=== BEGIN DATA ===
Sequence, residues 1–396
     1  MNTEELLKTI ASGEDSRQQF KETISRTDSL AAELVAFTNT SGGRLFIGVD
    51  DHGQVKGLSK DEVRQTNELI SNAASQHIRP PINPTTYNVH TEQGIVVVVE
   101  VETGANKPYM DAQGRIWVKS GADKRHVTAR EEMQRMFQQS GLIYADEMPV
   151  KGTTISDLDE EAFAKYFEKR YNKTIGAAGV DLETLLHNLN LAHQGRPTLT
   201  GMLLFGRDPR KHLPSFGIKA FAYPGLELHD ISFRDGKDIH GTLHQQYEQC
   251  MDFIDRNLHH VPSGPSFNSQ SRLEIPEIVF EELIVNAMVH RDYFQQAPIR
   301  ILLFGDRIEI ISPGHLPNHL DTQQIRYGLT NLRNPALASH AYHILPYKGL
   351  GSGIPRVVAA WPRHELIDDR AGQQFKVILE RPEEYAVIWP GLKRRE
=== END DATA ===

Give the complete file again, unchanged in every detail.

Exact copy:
Sequence, residues 1–396
     1  MNTEELLKTI ASGEDSRQQF KETISRTDSL AAELVAFTNT SGGRLFIGVD
    51  DHGQVKGLSK DEVRQTNELI SNAASQHIRP PINPTTYNVH TEQGIVVVVE
   101  VETGANKPYM DAQGRIWVKS GADKRHVTAR EEMQRMFQQS GLIYADEMPV
   151  KGTTISDLDE EAFAKYFEKR YNKTIGAAGV DLETLLHNLN LAHQGRPTLT
   201  GMLLFGRDPR KHLPSFGIKA FAYPGLELHD ISFRDGKDIH GTLHQQYEQC
   251  MDFIDRNLHH VPSGPSFNSQ SRLEIPEIVF EELIVNAMVH RDYFQQAPIR
   301  ILLFGDRIEI ISPGHLPNHL DTQQIRYGLT NLRNPALASH AYHILPYKGL
   351  GSGIPRVVAA WPRHELIDDR AGQQFKVILE RPEEYAVIWP GLKRRE